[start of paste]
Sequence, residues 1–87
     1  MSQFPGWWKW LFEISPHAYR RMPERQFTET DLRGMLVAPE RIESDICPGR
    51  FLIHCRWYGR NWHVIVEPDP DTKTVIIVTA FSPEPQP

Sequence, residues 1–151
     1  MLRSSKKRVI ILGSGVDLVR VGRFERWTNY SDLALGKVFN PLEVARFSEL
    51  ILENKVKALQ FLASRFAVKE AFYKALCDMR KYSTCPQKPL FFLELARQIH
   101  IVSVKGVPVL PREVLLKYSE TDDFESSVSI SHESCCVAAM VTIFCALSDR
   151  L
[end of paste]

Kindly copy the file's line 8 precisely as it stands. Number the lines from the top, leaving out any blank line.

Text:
   151  L